Think a little further on this path and Google might target OPERATING SYSTEMS for the NETWORKED WORLD....replacing established systems (desktop/handy legacy) on a wider scope.
Rolf Bork, BOD mediaf.com & sensitivetech.com

Fahad Khan

September 2, 2008 3:04 AM

Impressive analysis Rob! Last two paragraphs are the key takeaways. It may seem insurmountable to disrupt the browser market at this stage but it is possible. On the other hand, it is highly unlikely.

It will be the relative advantage of Chrome that will make it or break it as a disruptive innovation. It must have features that can help evolve browser as a platform and into a different technological trajectory - Just as iPhone did, a new platform, a new experience, and most importantly a new technological trajectory.

If Chrome is not able to do to browser market what iPhone did to the cell phone market, it will be yet another deferred (Google) dream. Yet another Orkut. Yet another Froogle.

Lastly, I'd like to note that if Chrome is not an instant hit, it will make the mighty Google OS highly unlikely.

Free Manchu

September 2, 2008 3:58 AM

I will be very careful not to be monitored by Google!

Devin Serpa

September 2, 2008 4:34 AM

Yay :D

m.r.

September 2, 2008 4:36 AM

if the S/E is good and better than the
others,CHROME will become the default choice! simple as that!

GD38

September 2, 2008 6:47 AM

(Tech Level: Somewhat High) I use Firefox. It's not perfect (no product is) but it is really good and markedly better than IE. But instead of focusing on better browsers, I'd like to see a better marriage between watching online video and my TV. Watching old TV episodes for free is starting to increase in popularity with me. It got more so when I switched from a DSL connection to a broadband one but it is still klunky. Can a browser fix that? I know it is one piece of the puzzle but I know it is also partly a bandwidth issue and server communication protocols. I think I'll hold off on Chrome until it runs the sort of life cycle Firefox has. Firefox benefited greatly from the open source community. I'll wait until the hardcore tech users blog that Chrome is a must have. Just like they did with Mozilla.

Nitin Gupta

September 2, 2008 7:01 AM

Google has truly been on the top when it comes to the Internet. Google has invented stuff that put others to think what all is possible on internet for a normal human being.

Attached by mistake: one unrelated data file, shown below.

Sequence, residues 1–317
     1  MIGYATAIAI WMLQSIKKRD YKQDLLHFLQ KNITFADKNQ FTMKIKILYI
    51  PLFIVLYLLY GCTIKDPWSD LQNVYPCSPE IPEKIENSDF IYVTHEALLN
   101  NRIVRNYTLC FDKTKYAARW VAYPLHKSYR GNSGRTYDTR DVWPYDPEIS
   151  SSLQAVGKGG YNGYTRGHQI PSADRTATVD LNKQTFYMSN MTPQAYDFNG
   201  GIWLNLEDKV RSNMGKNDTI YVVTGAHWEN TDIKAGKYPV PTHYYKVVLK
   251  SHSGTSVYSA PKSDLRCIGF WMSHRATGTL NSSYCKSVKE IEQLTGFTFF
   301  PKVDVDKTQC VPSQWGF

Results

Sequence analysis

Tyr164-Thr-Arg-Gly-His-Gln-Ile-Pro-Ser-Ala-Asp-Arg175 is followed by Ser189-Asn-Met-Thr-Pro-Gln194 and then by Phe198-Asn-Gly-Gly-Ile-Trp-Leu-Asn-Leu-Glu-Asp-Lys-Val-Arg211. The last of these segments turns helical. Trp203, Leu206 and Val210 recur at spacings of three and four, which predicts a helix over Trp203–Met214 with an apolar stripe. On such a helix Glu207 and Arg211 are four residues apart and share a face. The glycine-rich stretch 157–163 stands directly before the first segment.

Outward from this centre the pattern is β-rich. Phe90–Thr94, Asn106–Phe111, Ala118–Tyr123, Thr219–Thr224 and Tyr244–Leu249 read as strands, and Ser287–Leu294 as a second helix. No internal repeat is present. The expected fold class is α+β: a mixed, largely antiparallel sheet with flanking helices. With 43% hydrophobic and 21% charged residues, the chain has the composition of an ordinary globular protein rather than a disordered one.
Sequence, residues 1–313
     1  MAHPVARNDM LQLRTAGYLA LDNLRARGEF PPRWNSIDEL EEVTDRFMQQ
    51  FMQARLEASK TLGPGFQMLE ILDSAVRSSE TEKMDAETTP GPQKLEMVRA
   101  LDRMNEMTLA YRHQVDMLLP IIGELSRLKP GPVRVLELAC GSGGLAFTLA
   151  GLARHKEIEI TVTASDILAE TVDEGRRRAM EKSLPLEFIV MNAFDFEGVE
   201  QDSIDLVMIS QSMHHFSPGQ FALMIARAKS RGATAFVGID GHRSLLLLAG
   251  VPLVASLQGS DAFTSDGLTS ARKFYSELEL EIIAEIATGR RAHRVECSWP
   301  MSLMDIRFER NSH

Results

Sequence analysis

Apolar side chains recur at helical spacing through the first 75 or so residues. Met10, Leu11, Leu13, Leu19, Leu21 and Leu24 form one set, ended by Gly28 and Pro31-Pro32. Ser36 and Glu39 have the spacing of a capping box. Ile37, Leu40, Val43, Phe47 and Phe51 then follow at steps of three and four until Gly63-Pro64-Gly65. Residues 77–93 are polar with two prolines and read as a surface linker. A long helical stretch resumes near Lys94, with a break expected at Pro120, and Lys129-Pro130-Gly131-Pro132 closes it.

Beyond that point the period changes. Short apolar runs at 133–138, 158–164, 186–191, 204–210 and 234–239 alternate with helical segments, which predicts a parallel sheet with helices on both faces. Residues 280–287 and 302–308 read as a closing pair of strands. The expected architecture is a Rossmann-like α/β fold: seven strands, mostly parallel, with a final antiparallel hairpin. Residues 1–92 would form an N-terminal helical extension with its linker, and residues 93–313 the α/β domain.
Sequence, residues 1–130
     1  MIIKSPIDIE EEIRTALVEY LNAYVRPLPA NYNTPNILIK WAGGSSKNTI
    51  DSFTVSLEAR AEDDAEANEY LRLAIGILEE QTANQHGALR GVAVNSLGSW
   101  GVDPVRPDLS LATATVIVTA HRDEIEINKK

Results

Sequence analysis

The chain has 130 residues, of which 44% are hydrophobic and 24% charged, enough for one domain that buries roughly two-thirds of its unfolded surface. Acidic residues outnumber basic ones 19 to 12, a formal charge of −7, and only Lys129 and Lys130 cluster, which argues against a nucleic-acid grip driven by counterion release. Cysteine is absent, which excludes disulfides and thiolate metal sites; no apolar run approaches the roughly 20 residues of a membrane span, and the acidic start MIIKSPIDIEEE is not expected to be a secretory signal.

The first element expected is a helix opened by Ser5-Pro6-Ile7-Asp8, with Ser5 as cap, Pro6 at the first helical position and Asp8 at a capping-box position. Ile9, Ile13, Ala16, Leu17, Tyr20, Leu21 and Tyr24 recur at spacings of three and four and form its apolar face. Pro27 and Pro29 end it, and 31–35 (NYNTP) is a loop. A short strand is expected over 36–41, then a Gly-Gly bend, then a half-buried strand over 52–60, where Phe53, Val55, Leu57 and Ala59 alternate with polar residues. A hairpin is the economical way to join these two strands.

Google has created the integrated suites of products online - thats quite speedy and usable for normal person.

The announcement of web browser is one leap forward to give all to users in one window on what all users will ask for. Also, am very sure, google will integrate it with its open source Mobile OS initiative - giving intergrated internet app on your mobile desktop.

Though good for Google and for internet users will be to take up Mozilla engine or Opera engine and create the browser interface around it. Or atleast come up with a finished product in partnership with them.

It will maintain stabilize the trust in web browsers for me atleast.

Like always, wish google all the best. Looking forward to the browser. I will volunteer to test it, if required :)

jorge

September 2, 2008 7:35 AM

wow, this news is shocking.

But, i don't think google is trying to kill iexplorer but the rest of the browser, mainly firefox.

K Hanson

September 2, 2008 8:08 AM

Google has no choice because Microsoft will continue to tweak IE in ways that block or thwart Google use. Microsoft's aggressive use of it OS and browser to favor its other products forces Google and everyone else to find ways (Linux) to avoid Microsoft. Microsoft has never played fair or well with others, so they have to do what they have to do in order to survive.

ed

September 2, 2008 8:22 AM

lookin foreward to it!!!

Stanley Miller

September 2, 2008 9:35 AM

What could Google possibly bring to the browser market that doesn't already exist? Safari, Mozilla & IE seem to cover all bases. I don't understand what the big G's planing but it will be interesting.

--
Making The Game
friendfighter.blogspot.com

Harsha Raghavan

September 2, 2008 10:20 AM

How powerful do you think Google can become over my browsing habits, if it starts controlling the program that delivers the net to me?

I'm scared.

Mike Reardon

September 2, 2008 11:05 AM

It looks like it will be the perfect business center device running 9 operation at one time.